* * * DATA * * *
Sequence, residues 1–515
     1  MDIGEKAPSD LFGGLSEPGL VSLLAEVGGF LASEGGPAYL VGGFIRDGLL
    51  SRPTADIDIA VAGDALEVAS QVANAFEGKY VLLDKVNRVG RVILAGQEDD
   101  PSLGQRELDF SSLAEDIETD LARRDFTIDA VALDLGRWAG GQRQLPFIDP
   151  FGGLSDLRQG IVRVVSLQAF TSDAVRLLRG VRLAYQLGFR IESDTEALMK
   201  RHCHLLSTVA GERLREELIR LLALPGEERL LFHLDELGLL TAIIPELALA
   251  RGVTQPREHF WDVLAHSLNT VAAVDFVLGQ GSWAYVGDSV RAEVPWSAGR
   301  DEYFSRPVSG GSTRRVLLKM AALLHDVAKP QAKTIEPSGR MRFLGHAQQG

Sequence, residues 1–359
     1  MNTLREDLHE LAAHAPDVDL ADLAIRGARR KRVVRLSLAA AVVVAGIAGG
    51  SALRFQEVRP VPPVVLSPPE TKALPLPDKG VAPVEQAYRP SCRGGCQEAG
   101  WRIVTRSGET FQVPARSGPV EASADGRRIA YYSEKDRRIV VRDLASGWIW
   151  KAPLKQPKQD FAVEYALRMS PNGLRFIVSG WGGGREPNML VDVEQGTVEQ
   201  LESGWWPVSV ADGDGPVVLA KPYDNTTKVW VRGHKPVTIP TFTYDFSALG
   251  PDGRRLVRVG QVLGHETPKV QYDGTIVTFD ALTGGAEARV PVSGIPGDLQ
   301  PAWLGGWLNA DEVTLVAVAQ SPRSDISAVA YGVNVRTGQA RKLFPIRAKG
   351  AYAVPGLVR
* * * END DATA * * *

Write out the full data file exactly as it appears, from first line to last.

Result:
Sequence, residues 1–515
     1  MDIGEKAPSD LFGGLSEPGL VSLLAEVGGF LASEGGPAYL VGGFIRDGLL
    51  SRPTADIDIA VAGDALEVAS QVANAFEGKY VLLDKVNRVG RVILAGQEDD
   101  PSLGQRELDF SSLAEDIETD LARRDFTIDA VALDLGRWAG GQRQLPFIDP
   151  FGGLSDLRQG IVRVVSLQAF TSDAVRLLRG VRLAYQLGFR IESDTEALMK
   201  RHCHLLSTVA GERLREELIR LLALPGEERL LFHLDELGLL TAIIPELALA
   251  RGVTQPREHF WDVLAHSLNT VAAVDFVLGQ GSWAYVGDSV RAEVPWSAGR
   301  DEYFSRPVSG GSTRRVLLKM AALLHDVAKP QAKTIEPSGR MRFLGHAQQG

Sequence, residues 1–359
     1  MNTLREDLHE LAAHAPDVDL ADLAIRGARR KRVVRLSLAA AVVVAGIAGG
    51  SALRFQEVRP VPPVVLSPPE TKALPLPDKG VAPVEQAYRP SCRGGCQEAG
   101  WRIVTRSGET FQVPARSGPV EASADGRRIA YYSEKDRRIV VRDLASGWIW
   151  KAPLKQPKQD FAVEYALRMS PNGLRFIVSG WGGGREPNML VDVEQGTVEQ
   201  LESGWWPVSV ADGDGPVVLA KPYDNTTKVW VRGHKPVTIP TFTYDFSALG
   251  PDGRRLVRVG QVLGHETPKV QYDGTIVTFD ALTGGAEARV PVSGIPGDLQ
   301  PAWLGGWLNA DEVTLVAVAQ SPRSDISAVA YGVNVRTGQA RKLFPIRAKG
   351  AYAVPGLVR